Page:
Apr 17, 2015
An endless series on anxiety in children in Terri's local paper makes it clear that parents should worry more about worrying, so we thought we'd take stock of the anxiety levels in our own families to see if we're on-trend. We chatted about the many ways that anxiety can manifest, the hardiness of the worry gene that even gets passed down in adoptive families, the wisdom of blocking WebMD on your browser, and the parfait of anxiety we whip up when we worry about our children worrying about our worries.
In search of a little relief, we looked at the life-improvement advice our own mothers passed down to us. Among the recommended remedies: Go for a walk, drink more water, eat more alfafa sprouts, and preemptively worry about every bad thing that might happen so as to magically prevent it.
Finally, we passed on our own advice about what you should be checking out this week. Catherine recommended the book and CD Sitting Still Like a Frog: Mindfulness Exercises for Kids (and Their Parents) by Eline Snel as a serious anti-anxiety strategy and the song “Rub Some Bacon On It!" as a silly one (to which Terri added Ron Swanson's solution to dealing with disappointment); Amanda celebrated Understood.org's nomination for a Webby and asked us all to vote; Nicole suggested the book The Behavior Code Companion: Strategies, Tools, and Interventions for Supporting Students with Anxiety-Based or Oppositional Behaviors by Jessica Minahan for its help in identifying the many different ways anxiety may look in different children; and Terri gave a testimonial for The Anxiety Cure for Kids, a book with a cognitive behavioral therapy approach that helped her daughter slay the anxiety dragon, or at least shut him up a little.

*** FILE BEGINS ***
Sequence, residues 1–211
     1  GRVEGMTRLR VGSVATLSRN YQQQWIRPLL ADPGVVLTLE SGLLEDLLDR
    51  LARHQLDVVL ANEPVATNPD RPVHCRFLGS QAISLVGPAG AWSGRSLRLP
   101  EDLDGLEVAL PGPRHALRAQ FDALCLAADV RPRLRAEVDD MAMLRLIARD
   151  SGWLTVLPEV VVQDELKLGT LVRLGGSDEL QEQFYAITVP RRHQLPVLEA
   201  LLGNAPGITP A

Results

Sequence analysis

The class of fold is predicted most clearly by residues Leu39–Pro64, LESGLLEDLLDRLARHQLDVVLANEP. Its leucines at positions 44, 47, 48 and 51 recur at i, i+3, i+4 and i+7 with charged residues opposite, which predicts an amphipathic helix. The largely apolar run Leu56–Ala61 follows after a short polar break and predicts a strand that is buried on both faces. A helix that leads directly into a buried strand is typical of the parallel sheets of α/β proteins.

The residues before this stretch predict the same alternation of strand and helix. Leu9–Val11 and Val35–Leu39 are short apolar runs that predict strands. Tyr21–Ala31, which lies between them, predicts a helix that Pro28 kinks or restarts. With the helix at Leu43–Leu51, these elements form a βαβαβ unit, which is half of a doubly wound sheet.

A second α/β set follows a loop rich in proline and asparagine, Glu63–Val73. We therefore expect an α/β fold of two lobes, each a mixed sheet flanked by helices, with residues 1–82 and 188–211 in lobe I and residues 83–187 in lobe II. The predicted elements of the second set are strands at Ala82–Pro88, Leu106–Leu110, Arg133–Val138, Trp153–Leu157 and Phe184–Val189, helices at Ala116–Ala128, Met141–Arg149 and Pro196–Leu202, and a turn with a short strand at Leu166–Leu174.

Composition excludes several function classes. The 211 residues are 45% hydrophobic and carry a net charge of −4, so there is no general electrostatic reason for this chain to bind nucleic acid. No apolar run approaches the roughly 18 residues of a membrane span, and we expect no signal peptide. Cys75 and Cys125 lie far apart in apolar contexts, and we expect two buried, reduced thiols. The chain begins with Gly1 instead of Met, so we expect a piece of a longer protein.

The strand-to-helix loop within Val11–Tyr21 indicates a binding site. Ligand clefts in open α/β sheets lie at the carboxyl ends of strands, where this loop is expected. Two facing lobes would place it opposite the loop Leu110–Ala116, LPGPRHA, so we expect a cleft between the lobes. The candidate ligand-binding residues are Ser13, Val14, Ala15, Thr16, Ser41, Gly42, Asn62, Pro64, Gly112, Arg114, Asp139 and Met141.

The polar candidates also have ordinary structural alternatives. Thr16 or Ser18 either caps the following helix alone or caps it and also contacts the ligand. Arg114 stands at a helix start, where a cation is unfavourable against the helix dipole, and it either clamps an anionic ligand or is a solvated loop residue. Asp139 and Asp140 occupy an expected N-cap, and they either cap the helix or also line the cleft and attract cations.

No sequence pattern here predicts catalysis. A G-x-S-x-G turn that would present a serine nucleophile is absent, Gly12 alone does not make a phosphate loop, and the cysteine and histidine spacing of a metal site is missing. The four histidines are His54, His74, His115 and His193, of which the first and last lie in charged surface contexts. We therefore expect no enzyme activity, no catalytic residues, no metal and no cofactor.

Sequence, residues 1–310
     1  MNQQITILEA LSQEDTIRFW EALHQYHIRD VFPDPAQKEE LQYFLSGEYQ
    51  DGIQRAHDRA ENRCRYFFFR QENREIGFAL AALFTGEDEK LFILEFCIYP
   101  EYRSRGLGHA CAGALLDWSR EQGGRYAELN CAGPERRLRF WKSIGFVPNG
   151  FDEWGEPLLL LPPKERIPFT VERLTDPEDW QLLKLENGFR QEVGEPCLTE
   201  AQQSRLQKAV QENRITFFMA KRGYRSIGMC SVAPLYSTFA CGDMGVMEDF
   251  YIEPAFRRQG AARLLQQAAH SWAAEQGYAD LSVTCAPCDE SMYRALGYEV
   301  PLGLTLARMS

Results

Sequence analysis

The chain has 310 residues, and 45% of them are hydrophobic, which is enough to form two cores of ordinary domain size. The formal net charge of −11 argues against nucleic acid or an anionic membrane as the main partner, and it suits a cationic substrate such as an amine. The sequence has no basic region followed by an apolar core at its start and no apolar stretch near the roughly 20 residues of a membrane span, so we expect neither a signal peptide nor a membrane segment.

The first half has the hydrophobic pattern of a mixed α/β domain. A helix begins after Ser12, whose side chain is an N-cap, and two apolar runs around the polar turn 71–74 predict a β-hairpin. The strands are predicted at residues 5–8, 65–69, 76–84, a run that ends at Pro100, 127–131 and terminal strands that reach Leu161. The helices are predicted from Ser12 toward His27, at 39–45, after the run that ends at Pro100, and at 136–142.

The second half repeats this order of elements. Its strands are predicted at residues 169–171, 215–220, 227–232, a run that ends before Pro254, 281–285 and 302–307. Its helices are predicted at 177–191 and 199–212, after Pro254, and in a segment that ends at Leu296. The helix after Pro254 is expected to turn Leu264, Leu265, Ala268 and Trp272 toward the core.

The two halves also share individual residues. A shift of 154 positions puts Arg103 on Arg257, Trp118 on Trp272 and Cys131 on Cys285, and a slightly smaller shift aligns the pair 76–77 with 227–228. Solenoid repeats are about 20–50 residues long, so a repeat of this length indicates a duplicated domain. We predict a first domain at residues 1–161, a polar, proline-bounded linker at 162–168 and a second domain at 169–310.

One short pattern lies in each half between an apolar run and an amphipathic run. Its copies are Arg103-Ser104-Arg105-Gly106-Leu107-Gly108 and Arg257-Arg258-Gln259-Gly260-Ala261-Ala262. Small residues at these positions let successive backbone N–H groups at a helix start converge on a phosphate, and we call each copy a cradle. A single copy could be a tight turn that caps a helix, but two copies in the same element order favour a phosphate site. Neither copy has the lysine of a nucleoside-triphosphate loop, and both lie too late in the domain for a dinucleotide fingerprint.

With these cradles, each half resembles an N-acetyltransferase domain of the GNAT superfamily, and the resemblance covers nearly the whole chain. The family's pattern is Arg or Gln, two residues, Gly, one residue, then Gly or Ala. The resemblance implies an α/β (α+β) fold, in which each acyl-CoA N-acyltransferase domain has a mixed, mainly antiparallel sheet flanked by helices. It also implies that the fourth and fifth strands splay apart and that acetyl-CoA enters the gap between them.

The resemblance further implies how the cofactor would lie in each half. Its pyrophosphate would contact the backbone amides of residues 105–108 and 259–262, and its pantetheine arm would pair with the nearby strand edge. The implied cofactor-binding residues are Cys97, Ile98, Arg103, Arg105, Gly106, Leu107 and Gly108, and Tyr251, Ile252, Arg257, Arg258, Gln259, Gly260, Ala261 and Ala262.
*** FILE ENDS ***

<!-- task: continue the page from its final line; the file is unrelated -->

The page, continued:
Thanks as always to Jon Morin for producing our episode and Kristin Eredics for our happy in-and-out music. (If you're reading this description somewhere without hyperlinks, come to http://parentingroundabout.com for the full recap experience.)